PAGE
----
Check out this press release from the American Council for an Energy Efficient Economy (ACEEE) for full, reliable information on how you can update your air conditioning unit. The release gives examples of the best models for your climate type and information on how to reduce the costs of a new unit by taking advantage of federal tax incentives.
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Save Money this Summer by Taking Advantage of Efficiency Incentives
Technical contact: Katie Ackerly, 202-429-8873 x 713, firstname.lastname@example.org
Press contact: Glee Murray, 202-429-0063, email@example.com
Washington, D.C. (July 9, 2007): Summer is upon us, along with the growing hum of air conditioners and high energy costs. Fortunately, there may be no better time to take advantage of energy-efficient upgrades to your house or air conditioner. According to the American Council for an Energy-Efficient Economy (ACEEE), 2007 might be the last year that you can receive a federal income tax credit for purchasing a new high-efficiency air conditioner or making home improvements that reduce the energy it takes to keep cool. These incentives don’t just save on purchase price -- they offer utility bill savings over the long term, making energy efficiency a common sense choice any time of the year.
If your air conditioner is old and inefficient, ACEEE advises consumers to consider a replacement before the unit fails. “Often people are so desperate to replace their equipment that they don’t take the time to research the investment, locking themselves into high cooling bills and less comfort,” said ACEEE researcher Katie Ackerly.
For people who live in states with high cooling loads, ACEEE suggests a model with a SEER (Seasonal Energy Efficiency Rating) of 15 and an EER (Energy Efficiency Ratio) of 12.5. Models purchased this year that fit these criteria will qualify for a substantial federal tax credit and provide a more comfortable, less humid home with less impact on the environment. The best units may have a somewhat higher purchase price than the more common units. However, once the tax credit is factored in, there should be no problem recouping the costs through electricity bill savings. For those who live in areas with short, milder summers, a unit with the federal minimum efficiency of SEER of 13 and an EER of 11 will probably suffice. Before you buy, check with your utility and state energy office for local incentives that may be available.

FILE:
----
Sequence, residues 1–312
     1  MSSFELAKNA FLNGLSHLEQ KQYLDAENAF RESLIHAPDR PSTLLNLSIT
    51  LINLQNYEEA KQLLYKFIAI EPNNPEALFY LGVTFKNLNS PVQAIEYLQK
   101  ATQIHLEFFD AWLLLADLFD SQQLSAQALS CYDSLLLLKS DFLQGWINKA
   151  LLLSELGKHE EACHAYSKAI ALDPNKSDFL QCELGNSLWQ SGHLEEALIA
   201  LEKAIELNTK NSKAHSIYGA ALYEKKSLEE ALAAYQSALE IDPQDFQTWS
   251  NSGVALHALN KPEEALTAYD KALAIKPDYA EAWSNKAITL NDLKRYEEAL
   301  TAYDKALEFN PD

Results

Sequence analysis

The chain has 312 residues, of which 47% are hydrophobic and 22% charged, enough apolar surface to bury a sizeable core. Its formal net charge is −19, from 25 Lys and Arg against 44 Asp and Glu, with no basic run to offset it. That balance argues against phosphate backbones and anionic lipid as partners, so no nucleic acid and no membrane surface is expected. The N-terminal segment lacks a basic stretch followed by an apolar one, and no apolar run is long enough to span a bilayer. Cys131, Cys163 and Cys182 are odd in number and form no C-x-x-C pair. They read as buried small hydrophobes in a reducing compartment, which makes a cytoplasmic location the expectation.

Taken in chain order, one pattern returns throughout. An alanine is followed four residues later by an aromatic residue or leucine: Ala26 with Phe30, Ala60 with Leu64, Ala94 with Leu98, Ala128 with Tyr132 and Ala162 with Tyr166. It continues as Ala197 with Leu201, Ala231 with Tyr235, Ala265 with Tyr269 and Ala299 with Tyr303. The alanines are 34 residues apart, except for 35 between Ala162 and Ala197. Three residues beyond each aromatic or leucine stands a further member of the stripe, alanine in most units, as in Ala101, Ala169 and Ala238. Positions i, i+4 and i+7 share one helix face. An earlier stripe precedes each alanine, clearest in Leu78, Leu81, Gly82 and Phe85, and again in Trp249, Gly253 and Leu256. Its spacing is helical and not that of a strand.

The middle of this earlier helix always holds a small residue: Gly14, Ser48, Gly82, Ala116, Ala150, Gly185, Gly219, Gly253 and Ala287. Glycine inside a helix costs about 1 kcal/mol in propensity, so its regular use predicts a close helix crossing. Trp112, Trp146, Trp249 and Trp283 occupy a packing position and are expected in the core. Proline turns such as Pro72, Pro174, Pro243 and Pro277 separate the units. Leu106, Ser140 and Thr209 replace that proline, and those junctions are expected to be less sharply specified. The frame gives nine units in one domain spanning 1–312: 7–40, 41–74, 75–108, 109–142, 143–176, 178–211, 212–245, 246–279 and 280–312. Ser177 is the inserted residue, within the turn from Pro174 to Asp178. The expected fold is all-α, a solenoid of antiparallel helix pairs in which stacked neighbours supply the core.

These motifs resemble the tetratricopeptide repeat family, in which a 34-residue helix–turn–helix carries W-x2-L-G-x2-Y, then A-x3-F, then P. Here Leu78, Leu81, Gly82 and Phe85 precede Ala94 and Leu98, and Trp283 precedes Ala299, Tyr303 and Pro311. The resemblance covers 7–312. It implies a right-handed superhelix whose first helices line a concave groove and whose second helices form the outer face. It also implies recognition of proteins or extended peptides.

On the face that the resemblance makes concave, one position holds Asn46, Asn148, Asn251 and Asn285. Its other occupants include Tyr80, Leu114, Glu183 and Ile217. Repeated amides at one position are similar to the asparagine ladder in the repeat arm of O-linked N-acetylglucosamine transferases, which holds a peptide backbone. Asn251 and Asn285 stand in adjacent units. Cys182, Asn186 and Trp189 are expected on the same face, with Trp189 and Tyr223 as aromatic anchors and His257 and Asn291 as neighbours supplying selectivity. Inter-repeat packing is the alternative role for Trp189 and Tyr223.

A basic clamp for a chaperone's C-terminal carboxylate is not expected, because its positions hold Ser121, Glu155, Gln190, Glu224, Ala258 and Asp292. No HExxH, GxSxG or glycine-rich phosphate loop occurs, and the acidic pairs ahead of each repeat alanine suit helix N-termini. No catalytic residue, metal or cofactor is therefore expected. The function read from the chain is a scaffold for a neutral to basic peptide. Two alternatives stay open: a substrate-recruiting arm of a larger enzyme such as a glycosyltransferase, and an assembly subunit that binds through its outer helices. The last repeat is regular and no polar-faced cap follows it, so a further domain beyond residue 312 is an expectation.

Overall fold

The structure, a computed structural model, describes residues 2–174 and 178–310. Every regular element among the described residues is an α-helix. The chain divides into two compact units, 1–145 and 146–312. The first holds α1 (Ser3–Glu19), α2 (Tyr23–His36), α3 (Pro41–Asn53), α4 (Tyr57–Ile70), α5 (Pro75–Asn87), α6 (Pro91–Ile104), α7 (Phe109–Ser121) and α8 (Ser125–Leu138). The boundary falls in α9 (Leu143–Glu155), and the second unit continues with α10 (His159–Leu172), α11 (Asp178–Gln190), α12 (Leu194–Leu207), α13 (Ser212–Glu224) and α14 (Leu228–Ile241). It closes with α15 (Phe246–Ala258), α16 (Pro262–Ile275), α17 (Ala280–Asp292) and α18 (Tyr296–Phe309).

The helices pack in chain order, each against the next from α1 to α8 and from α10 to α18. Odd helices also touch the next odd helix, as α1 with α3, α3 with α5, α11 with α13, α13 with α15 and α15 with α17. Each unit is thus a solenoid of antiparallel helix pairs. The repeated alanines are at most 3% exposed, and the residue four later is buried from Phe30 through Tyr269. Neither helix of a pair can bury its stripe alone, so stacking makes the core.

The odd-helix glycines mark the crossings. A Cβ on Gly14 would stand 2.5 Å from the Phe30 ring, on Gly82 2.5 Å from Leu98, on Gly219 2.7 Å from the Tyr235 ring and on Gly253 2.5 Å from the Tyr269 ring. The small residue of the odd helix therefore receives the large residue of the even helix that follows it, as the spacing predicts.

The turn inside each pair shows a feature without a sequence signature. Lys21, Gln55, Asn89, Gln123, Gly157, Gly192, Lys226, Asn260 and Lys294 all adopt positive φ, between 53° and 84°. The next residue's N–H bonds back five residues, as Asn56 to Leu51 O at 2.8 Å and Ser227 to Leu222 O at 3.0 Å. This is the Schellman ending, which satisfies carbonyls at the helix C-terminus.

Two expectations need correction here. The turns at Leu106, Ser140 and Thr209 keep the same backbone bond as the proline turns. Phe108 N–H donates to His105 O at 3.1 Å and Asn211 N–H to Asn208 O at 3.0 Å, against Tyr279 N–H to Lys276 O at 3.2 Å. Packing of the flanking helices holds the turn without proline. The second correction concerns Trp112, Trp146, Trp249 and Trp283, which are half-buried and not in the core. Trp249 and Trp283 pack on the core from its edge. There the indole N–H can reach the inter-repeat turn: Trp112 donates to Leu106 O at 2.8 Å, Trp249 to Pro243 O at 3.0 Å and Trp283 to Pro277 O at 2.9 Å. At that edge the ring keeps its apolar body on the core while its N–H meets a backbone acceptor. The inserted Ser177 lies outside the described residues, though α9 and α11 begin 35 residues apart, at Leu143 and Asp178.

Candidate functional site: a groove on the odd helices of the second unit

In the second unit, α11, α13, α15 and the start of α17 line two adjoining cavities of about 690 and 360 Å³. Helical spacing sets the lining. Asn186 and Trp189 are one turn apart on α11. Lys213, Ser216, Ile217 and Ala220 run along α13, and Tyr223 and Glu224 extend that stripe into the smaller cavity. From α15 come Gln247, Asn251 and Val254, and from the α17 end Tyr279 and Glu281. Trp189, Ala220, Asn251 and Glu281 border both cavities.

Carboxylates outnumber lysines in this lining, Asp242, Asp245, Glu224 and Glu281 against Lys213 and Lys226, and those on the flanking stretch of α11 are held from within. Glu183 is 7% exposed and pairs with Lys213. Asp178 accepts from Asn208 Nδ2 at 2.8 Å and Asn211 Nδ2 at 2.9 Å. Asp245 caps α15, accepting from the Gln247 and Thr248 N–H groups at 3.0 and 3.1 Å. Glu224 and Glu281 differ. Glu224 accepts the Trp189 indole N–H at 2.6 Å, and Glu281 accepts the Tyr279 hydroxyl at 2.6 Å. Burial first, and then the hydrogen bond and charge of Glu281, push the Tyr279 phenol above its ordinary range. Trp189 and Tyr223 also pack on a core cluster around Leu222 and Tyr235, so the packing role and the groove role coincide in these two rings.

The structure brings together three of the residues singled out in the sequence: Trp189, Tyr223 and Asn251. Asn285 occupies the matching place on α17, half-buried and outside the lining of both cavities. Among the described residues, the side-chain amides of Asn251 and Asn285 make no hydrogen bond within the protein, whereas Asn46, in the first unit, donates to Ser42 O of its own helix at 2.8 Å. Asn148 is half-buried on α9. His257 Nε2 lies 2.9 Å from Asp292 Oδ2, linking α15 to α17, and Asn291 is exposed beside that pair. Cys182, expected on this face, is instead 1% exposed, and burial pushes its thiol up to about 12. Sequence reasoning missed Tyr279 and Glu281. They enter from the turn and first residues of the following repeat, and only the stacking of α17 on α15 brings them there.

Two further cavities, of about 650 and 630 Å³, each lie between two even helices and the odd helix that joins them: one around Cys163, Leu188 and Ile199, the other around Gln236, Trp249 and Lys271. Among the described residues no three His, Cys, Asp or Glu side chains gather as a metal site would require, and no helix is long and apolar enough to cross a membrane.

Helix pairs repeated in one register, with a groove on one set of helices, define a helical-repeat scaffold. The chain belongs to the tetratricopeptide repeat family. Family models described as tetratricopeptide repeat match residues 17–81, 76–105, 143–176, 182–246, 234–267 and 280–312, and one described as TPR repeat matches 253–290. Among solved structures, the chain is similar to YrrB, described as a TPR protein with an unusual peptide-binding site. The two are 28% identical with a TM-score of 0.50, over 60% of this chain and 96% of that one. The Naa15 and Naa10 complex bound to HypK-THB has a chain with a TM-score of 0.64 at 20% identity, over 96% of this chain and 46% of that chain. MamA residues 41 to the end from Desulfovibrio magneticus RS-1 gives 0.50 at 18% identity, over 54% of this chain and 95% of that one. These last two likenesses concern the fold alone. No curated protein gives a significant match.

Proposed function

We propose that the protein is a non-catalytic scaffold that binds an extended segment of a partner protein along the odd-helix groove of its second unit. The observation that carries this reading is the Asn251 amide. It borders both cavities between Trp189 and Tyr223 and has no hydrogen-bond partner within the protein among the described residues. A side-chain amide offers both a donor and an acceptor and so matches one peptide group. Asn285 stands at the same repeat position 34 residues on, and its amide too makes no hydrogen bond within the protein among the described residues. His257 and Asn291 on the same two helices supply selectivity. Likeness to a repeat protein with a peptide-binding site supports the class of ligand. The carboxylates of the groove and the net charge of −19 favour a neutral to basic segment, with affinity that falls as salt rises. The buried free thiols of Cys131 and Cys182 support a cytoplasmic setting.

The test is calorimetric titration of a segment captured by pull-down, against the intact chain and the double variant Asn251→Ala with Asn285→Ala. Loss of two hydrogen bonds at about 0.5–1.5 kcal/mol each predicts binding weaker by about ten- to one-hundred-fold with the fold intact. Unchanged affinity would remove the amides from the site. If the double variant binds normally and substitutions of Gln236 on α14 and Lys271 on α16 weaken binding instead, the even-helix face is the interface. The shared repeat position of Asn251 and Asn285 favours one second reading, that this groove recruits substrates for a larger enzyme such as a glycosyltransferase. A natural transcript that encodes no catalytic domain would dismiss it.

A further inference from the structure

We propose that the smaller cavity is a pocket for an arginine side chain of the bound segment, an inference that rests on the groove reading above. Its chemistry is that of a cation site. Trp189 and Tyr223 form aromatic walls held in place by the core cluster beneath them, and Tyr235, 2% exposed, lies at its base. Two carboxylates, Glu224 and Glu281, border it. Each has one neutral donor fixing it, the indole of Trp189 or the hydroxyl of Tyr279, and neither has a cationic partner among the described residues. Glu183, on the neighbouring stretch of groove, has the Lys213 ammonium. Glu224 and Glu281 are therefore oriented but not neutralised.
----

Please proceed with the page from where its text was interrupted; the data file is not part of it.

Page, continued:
Buying new equipment is only part of the picture: in some cases, home improvements can save even more. Under the 2006-2007 tax credit, the federal government will cover 10% (up to $500) of the cost for efficiency upgrades to insulation, ductwork, or windows that could save big on both cooling and heating costs. For detailed information, visit the Tax Incentives Assistance Project Web site or go directly to ACEEE's summary table.
ACEEE suggests a few other low-tech, low-cost ways to get the most out of your air conditioner and stay cool:
§ Clean or replace the air filter in your room or central air conditioner. This helps keep cool air moving, reduces motor wear and tear, and lowers electricity consumption.
§ An air conditioner tune-up performed by a qualified contractor can give your old unit a new lease on life while lowering monthly utility bills and increasing comfort.
§ Insulate your attic. With the hot sun beating down on your roof, a lot of heat can be absorbed into and get trapped in your attic. This hot air will leak into the rest of your house if your attic isn’t properly insulated.
§ Wait until evening to take care of heat-generating activities like running the dishwasher.
§ Keep windows, doors, and shades or shutters closed and drawn during the day to keep out the sun’s rays and hot, moist outside air. Open the windows at night to let fresh, cooler air circulate.
For consumers who are in a hurry to lower utility bills this summer and want a better handle on what to look for when shopping for new equipment, ACEEE’s condensed online version of the Consumer Guide to Home Energy Savings (at www.aceee.org/consumerguide) is a good place to start. Among other common-sense tips, ACEEE gives important pointers on what to look for in a contractor. As Consumer Guide coauthor Jennifer Thorne Amann cautions, “When purchasing a new central air conditioner, finding a good contractor is as important, if not more important, than deciding what model you’d like to buy.”
A new, 9th edition of the Consumer Guide to Home Energy Savings is scheduled for release this fall. In addition to the latest information on cooling strategies, it will contain new information on house ventilation, state-of-the-art energy efficiency technologies, and updated decision-making guides. Check www.aceee.org/consumerguide for updates on the book and how to order.
The American Council for an Energy-Efficient Economy is an independent, nonprofit organization dedicated to advancing energy efficiency as a means of promoting both economic prosperity and environmental protection. For information about ACEEE and its programs, publications, and conferences, contact ACEEE, 1001 Connecticut Avenue, N.W., Suite 801, Washington, D.C. 20036-5525 or visit http://aceee.org.